Drug Bust Leads To Seizure Of Real Gun Altered To Look Like A Toy Nerf Gun

Real guns being painted and disguised and hidden in real firearms.

Getty Image / Kathryn Scott Osler/The Denver Post via Getty Images

In a potentially concerning development that could have numerous negative outcomes, criminals are altering real guns to make them appear like Nerf guns. Actual firearms are being painted to make them look harmless, according to police in North Carolina.

Deputies with the Catawba County Sheriff’s Office seized numerous firearms during a search warrant raid in North Carolina on March 13. During the drug bust, law enforcement discovered cocaine, psilocybin mushrooms, weed, and $2,300 in cash. Deputies also recovered a cache of firearms including pistols, rifles, shotguns, and most notably a Glock 19.

The Glock 19 and micro roni attachment were painted bright blue and orange to match Nerf toy gun. The firearm even had a Nerf sticker and the tips looked like a toy. The converted Glock 19 featured a fifty-round drum magazine. CCSO admitted that the gun is not illegal, but it was “concerning to law enforcement.”

The Catawba County Sheriff’s Office noted that there was a child inside the home.

“You’re looking at shotguns, he’s got quite a few pistols. He’s converted some of the pistols into those Nerf firearms,” Tim Harwood with USA Tactical Firearms told FOX 46.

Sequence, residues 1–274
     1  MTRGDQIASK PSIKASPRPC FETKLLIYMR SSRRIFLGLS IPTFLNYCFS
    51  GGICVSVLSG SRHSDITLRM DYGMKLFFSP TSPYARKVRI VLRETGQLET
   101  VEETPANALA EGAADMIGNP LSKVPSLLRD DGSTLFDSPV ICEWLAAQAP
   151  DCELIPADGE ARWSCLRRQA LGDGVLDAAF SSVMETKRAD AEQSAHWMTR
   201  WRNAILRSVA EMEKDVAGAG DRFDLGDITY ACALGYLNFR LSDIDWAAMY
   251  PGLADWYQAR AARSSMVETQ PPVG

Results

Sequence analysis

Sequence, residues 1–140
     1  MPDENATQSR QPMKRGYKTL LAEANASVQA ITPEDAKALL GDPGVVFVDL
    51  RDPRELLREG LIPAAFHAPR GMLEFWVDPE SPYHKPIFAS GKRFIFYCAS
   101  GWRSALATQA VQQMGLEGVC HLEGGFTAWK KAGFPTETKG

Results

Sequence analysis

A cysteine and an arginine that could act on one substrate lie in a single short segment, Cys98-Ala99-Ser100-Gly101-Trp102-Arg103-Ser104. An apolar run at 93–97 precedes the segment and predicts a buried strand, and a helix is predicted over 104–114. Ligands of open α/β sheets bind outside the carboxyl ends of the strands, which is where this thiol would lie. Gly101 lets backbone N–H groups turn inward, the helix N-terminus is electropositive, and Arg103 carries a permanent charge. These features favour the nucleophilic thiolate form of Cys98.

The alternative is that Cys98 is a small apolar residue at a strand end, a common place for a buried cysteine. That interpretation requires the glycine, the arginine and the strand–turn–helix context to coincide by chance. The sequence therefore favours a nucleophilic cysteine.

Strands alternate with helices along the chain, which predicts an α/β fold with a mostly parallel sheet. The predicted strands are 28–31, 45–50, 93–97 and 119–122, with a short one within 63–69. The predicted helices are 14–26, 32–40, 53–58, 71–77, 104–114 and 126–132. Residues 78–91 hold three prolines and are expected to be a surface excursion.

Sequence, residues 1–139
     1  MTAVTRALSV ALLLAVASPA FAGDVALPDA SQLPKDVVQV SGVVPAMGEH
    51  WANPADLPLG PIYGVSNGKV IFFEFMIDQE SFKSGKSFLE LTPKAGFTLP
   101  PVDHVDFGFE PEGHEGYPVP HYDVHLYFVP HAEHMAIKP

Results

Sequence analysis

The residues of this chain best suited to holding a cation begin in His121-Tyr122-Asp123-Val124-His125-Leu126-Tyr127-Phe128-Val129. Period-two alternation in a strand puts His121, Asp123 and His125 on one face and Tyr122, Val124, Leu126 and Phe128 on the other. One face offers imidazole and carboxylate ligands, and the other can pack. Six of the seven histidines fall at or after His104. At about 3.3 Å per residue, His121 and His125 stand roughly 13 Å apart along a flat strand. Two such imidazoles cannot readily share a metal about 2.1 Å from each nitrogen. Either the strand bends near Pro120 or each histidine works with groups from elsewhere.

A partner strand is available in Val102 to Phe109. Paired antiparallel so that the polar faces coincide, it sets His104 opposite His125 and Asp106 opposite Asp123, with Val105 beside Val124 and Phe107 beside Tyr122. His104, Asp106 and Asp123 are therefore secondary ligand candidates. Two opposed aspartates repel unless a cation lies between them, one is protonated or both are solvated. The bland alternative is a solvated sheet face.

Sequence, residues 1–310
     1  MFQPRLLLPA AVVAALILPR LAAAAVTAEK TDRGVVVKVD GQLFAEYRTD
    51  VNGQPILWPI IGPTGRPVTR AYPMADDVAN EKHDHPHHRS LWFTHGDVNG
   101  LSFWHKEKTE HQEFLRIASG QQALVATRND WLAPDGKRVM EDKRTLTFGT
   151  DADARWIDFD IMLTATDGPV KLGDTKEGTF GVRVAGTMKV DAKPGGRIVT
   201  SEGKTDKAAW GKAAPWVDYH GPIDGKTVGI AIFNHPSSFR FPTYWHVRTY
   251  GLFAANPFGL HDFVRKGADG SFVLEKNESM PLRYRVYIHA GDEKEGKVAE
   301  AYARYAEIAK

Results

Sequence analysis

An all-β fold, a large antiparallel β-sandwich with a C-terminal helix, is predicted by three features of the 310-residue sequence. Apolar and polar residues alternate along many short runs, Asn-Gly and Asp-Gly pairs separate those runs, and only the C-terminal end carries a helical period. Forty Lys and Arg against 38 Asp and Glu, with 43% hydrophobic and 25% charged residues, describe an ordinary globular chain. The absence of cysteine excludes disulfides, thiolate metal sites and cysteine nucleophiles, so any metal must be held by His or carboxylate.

Harwood revealed that some felons are getting their guns to look like toys as a tactic to illegally carry weapons.

“I believe it’s getting more and more prevalent out there, unfortunately,” Harwood stated. “But again, criminals are not going to obey, you know the laws, and that’s good that we’re getting these types of firearms off the street.”

“Another success resulting from our area Narcotics Teams working together,” Sheriff Don Brown said in a statement. “Our agencies pooling their resources allows for a greater impact to be felt county wide.”

“Authorities charged 35-year-old Catawba resident Damien Alonzo Burch with felonies of possessing cocaine and mushrooms, as well as a misdemeanor of possessing marijuana,” The Hill reported.

A $20,000 unsecured bond was issued.

This opens the door for a number of possible outcomes, none of them positive.